Dems insider Frank Fairy has emerged from the bottom of the garden to produce these two explanations of the current barney between Meg Lees and Princess Tash.
An article by Jill Singer in the Herald Sun last Thursday (28/6) offers some insights into the Dems internal brawl, many of which Frank already reported a few days ago. Jill does manage to get a few things wrong, though. She notes that the Princess is said to be “furious” about the leak and goes on to implicitly point the finger at Frank. Jill suggests that Princess Tash might have a little leaking fairy in her garden. She probably does, but they aren’t necessarily the one responsible for the letters, and Frank ain’t it.
For the record, Frank is not and has never been a staffer for the Princess or for any other Dem Senator. And Frank didn’t leak the letters (even if he wishes he’d gotten his hands on them) – the first Frank saw of them was their appearance on Crikey.
Jilly also says that Crikey has ruled out Lees and her camp as the leakers. Well, first, Crikey’s done no such thing – only said they didn’t come from Lees or Murray. And second, even if Crikey had, how would he know whoever did the leaking wasn’t in the Lees camp? In any case, that’s hardly the point – Darth and the Mystic One and Peter Davies would have known it would leak because thats what the Dems do – leak. It could have been a Nat Exec member, or someone in the Princesses Palace, but its just as likely to have come from the Death Star as from anywhere else.
Anyway. The Public Safety Committee won’t expel Mystic Meg. They’ve now realised doing this would be a strategic disaster in public policy terms – at a time where the Prime Miniature has a long list of rather nasty bits of legislation he needs to get through the Senate. Betcha he’s taken Mystic Meg to lunch again already. No need to even bother dutchessing Darth – he’s been a Liberal at heart from the beginning, and took over the WA division in what could charitably be described as highly irregular circumstances. (This is rumoured to be part of a takeover bid to prevent the Dems actually doing anything useful like blocking nasty legislation.)
The real question is whether the Death Star will decamp to the Coalition Cluster without any help at all from the Public Safety Committee. If they do, the Democrats – who have already managed to piss off their supporters on both the left and the right within a year and look erratic and unreliable in the process – will be increasingly irrelevant to the political landscape.
But then again, they should have been annihilated at the last four elections according to the pundits, so maybe they’ll pull through this latest crisis too.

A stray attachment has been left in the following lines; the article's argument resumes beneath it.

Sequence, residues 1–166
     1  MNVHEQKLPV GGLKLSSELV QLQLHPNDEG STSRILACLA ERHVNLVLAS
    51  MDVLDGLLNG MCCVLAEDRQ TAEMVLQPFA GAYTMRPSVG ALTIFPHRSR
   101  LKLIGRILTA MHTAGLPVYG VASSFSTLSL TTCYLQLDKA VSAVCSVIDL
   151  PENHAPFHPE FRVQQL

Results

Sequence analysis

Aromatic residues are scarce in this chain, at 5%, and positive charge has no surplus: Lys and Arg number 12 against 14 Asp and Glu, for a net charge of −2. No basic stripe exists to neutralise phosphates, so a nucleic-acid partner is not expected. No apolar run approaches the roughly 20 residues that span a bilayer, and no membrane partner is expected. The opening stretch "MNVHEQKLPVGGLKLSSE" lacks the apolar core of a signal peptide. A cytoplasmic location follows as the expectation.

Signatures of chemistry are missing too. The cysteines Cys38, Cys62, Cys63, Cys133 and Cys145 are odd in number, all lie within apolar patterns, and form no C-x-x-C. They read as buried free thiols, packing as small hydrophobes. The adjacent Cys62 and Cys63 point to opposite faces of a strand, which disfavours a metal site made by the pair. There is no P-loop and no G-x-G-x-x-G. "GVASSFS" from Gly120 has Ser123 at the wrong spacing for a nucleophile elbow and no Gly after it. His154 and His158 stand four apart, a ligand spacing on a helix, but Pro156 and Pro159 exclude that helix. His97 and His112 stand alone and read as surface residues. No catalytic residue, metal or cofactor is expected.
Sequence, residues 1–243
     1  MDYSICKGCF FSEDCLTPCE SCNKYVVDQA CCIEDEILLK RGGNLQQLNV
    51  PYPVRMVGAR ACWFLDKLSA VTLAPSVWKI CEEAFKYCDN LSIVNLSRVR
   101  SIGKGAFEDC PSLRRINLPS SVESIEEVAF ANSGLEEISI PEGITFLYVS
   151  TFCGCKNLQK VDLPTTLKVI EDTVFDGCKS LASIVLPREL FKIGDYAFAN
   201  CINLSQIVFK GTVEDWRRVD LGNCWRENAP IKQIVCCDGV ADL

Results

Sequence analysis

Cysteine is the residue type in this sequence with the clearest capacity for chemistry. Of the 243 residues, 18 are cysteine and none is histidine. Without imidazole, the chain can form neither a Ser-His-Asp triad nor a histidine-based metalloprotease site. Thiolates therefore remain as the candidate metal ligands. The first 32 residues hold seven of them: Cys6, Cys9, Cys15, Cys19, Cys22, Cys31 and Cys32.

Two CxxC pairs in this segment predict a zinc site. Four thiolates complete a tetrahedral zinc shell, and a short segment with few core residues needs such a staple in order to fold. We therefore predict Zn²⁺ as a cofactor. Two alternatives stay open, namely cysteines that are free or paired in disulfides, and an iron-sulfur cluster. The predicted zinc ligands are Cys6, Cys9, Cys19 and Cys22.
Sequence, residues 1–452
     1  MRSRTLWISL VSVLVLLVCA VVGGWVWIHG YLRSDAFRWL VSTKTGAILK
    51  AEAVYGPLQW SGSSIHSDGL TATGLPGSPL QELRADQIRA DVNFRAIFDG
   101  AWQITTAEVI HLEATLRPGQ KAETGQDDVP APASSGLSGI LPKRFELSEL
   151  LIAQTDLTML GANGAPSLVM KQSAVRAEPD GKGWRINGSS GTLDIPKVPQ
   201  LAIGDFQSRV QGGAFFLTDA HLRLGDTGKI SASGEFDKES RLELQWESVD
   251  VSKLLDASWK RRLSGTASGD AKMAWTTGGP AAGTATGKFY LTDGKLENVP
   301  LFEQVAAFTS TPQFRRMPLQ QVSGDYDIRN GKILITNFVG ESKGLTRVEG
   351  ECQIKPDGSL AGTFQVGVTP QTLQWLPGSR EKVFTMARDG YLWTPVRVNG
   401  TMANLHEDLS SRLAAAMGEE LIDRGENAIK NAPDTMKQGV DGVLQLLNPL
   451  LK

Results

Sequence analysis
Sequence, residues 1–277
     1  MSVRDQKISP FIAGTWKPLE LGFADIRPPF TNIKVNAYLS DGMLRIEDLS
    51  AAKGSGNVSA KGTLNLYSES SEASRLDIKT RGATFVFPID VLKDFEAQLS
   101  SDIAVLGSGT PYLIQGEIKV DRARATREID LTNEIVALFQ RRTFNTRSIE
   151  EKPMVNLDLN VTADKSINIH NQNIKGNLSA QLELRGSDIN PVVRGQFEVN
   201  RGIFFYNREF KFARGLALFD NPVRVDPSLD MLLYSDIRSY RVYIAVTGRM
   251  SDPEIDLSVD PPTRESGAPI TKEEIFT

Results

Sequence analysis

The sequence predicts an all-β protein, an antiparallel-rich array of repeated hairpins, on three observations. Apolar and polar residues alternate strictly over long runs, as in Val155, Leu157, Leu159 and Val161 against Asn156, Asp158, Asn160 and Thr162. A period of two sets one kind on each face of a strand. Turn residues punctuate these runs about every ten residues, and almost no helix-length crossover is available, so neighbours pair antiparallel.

Hugs and Kisses, Frank Fairy
Now let’s look at Frank’s earlier piece which was first published on Jun 25:
Analysis from beyond the toadstool
Well, Crikey has now (thanks to whoever is driving the solar-powered freight train laden with sensitive information directly to their door) revealed what has been obvious to Dem insiders all along – that Mystic Meg and Princess Tashy were taken off each others Xmas card lists some time ago.
Mystic Meg’s latest little outburst – apparantly actually written by Andrew Murray and Peter Davies – doesn’t pull any punches. Given the regular special deliveries to Crikey and the fact the Dems leak like a sieve anyway, it beggers belief that Lees, Murray and Davies didn’t expect their missive to become public. (Actually, they’re just as likely to have leaked it on purpose themselves, even if the timing tends to implicate a National Exec member.)
So lets have a look at the Lees rant. Its breathtaking in its attempts to point the finger at people other than herself for the party’s poor fortunes. Before Lees did the dirty deal on the GST, the Democrats subscribed to a somewhat quaint notion in politics – that you shouldn’t make committments and sign pledges, then turn around and break them after the election – and was able to do so with a degree of credibility. This, and explicit campaigning for the balance of power under banners like “keep the bastards honest”, is the source of what Lees calls their “Senate Bonus” (The Democrats typically polled as much as double their Reps vote in the Senate – people who vote for a major party used to take out “political insurance” by voting Dems in the senate).